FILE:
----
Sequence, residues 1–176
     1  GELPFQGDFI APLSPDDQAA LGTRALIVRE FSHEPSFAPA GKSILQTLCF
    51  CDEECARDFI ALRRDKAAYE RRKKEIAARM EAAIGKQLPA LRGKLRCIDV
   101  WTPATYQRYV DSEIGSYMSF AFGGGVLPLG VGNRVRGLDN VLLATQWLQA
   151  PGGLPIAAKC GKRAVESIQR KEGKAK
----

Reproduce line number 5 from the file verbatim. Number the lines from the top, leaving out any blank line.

   151  PGGLPIAAKC GKRAVESIQR KEGKAK